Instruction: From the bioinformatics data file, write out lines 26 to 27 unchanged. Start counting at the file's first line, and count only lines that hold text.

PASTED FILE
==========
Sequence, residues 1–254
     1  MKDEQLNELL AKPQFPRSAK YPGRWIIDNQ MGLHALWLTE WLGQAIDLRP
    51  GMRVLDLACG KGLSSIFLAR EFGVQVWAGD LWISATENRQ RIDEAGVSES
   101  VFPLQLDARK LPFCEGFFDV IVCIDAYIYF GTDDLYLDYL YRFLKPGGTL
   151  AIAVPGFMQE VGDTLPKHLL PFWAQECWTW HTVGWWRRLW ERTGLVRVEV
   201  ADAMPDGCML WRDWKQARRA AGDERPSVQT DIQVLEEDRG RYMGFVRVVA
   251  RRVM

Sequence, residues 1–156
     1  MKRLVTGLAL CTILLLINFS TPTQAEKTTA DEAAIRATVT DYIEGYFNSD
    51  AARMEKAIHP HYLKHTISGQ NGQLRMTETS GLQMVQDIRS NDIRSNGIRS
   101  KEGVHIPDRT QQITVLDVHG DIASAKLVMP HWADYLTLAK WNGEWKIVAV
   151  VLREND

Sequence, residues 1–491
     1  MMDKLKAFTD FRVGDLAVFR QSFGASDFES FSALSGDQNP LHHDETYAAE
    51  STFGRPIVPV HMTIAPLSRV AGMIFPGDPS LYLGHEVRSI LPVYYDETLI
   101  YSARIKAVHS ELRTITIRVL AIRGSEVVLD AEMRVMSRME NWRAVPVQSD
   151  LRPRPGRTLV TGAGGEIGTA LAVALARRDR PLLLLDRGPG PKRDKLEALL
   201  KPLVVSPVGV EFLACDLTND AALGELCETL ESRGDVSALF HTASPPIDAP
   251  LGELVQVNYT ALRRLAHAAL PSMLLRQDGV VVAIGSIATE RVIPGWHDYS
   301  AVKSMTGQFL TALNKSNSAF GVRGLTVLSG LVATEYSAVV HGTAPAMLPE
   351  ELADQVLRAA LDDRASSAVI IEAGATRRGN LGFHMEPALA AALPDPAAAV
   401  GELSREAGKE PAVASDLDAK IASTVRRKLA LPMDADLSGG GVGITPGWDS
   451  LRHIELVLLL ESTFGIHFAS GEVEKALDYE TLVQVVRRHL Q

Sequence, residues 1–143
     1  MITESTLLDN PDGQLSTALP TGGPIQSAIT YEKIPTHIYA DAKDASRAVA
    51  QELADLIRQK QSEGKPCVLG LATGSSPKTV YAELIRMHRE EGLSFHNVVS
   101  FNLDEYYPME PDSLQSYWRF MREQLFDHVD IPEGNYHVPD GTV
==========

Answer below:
    51  QELADLIRQK QSEGKPCVLG LATGSSPKTV YAELIRMHRE EGLSFHNVVS
   101  FNLDEYYPME PDSLQSYWRF MREQLFDHVD IPEGNYHVPD GTV